In the material for Step Five it talks of three gifts we receive through working step five: 1) self awareness: By reviewing our step 4 we become aware of feelings and attitudes that have influenced who we have become thus far in our life. Elder Bruce D. Porter taught, “we must know ourselves, for until we are conscious of our weaknesses, we cannot correct them; until we know our strengths, we cannot use them well.”
2) Self-evaluation: Our awareness and open honesty prepare us to let go of painful memories and self-defeating behaviors. We acknowledge our mistakes but do not allow them to define who we are or who we can become. We begin to seek soul-level changes in ourselves.
3) Self Acceptance: We come to accept our wrongs with the understanding that we are spiritual beings having a mortal experience and recognize that we all have sinned, and come short of the glory of God. As we come to love and accept ourselves, we begin to experience changes that help our thoughts and behaviors to become more in harmony with who we really are.
We are told in the reading material we must admit to: 1) Heavenly Father all the personal details of our lives. We are not revealing anything to Him that he does not already know but by doing so we are becoming humble and expressing a desire to change and shows we are willing to let him reveal to us our true selves. Through this process our relationship with our Heavenly Father is strengthened.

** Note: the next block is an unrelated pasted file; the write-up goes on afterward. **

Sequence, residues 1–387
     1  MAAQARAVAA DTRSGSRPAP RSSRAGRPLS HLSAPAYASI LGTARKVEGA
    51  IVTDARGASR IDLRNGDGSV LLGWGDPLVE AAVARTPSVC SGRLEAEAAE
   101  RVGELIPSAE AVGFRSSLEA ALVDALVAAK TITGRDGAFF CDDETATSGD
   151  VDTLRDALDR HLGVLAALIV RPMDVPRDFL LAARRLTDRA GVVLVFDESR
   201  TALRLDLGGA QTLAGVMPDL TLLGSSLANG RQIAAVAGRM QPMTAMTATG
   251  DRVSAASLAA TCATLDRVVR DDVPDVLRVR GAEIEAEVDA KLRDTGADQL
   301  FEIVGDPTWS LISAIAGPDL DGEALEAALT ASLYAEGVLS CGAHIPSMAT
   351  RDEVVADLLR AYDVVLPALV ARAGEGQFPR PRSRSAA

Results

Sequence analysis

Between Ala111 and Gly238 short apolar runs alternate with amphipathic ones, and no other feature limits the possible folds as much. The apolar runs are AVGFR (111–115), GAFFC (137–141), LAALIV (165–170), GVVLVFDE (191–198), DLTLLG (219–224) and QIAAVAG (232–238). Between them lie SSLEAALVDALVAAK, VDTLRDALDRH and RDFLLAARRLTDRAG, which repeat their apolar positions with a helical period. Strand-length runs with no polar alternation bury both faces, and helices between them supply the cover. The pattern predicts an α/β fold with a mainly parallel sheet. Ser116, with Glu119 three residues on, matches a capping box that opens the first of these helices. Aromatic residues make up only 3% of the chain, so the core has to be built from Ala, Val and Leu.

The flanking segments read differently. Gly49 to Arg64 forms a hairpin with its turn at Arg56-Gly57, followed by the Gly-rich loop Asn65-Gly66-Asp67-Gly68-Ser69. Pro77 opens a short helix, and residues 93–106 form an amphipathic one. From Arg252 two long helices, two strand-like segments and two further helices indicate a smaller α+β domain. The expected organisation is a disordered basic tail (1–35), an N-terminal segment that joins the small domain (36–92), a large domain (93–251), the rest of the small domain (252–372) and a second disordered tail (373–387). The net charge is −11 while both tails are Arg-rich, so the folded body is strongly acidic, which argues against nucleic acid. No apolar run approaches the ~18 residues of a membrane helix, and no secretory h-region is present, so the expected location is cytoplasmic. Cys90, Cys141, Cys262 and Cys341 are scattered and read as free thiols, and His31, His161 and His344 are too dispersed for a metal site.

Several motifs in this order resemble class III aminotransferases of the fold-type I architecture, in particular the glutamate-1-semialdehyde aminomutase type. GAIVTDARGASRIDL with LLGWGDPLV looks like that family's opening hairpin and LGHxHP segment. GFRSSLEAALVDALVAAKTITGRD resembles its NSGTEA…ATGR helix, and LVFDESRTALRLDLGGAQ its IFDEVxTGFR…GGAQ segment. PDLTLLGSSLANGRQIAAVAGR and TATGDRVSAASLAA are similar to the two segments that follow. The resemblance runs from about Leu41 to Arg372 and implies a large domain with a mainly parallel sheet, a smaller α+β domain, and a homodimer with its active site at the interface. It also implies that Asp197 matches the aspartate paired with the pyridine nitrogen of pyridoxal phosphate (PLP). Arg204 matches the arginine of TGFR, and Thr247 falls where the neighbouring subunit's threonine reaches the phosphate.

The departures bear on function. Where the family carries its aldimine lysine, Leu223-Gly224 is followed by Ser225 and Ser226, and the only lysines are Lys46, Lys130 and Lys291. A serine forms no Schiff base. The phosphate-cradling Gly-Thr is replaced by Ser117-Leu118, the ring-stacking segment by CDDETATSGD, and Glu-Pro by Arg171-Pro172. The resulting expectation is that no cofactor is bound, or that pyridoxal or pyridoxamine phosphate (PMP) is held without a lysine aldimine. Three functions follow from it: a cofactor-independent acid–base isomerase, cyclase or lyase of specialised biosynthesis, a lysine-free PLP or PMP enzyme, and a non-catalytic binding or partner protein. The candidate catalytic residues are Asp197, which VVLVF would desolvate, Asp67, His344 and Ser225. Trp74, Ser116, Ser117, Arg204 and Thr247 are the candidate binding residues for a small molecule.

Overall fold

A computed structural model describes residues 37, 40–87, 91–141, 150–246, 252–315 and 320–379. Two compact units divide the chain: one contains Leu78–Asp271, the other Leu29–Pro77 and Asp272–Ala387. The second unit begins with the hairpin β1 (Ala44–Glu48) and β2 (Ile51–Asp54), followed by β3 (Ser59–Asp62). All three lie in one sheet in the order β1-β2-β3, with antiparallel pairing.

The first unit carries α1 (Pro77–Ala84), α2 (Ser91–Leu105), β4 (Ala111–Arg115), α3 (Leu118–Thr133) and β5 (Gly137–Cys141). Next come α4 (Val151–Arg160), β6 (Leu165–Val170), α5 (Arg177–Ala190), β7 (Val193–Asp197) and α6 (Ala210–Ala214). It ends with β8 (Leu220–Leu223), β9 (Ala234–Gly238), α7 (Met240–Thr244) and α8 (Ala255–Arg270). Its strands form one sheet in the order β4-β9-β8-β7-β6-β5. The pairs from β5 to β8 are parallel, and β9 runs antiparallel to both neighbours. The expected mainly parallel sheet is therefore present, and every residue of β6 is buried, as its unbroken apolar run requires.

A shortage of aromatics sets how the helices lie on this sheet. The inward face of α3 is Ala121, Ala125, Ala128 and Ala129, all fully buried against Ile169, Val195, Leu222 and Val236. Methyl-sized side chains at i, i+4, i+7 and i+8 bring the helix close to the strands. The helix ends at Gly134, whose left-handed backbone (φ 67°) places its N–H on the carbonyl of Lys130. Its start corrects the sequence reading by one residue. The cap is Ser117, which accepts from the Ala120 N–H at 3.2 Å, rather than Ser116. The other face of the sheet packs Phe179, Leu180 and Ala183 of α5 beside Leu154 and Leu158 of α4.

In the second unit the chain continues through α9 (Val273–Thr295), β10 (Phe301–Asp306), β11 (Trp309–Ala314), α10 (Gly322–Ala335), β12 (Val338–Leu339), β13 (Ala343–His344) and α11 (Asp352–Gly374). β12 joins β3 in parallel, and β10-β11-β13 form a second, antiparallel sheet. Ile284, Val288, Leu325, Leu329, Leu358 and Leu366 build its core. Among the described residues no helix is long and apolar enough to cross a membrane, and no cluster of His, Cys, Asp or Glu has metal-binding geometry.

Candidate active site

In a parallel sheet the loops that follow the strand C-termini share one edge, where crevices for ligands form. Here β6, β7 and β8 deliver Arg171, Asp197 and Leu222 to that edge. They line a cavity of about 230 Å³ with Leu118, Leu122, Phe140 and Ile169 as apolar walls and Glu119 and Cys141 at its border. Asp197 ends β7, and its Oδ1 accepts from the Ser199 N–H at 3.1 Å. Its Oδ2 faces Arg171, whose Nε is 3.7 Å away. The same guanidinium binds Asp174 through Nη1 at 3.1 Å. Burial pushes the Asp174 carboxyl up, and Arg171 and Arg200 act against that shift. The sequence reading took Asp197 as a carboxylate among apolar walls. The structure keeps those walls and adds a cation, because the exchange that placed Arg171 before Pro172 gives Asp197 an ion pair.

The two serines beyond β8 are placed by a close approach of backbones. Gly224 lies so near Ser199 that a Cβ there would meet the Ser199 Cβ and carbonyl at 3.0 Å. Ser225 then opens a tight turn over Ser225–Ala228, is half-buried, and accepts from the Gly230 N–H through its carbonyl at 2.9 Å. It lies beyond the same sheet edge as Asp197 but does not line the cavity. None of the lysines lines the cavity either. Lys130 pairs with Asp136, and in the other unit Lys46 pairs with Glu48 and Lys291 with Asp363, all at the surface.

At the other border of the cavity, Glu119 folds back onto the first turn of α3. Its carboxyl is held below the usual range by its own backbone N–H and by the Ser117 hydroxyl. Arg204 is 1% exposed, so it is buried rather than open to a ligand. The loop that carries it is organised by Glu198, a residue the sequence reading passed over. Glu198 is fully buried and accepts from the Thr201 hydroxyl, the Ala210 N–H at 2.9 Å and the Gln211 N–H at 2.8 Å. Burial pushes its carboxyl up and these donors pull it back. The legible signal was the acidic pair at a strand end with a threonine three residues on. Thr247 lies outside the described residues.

2) Be honest with ourselves. As we discuss our lives with Heavenly Father we are able to see ourselves more clearly. Elder Neal A. Maxwell taught: “More than we realize, being honest with God in our prayers helps us to be more honest with ourselves.” We need to acknowledge all that is good within us and the righteous desires of our hearts. We also need to admit to ourselves our mistakes, recognize our weaknesses, and identify all that we hope to change within us. As we do so we will feel burdens lifted.
3) Admit to another person our desires to change. This is one of the many areas that it is beneficial to be attending a support group meeting. It is hard to share these personal things with close family and friends, they are too emotionally connected to us. But to have a friend in recovery to share these things with provides support and comfort and by admitting things to another person it helps us reflect on what we have learned and our desire to change is more powerfully imprinted in our own minds.
I find a quote by Jeffrey R. Holland very comforting: “God doesn’t care nearly as much about where you have been as He does about where you are, and with His help, where you are willing to go.”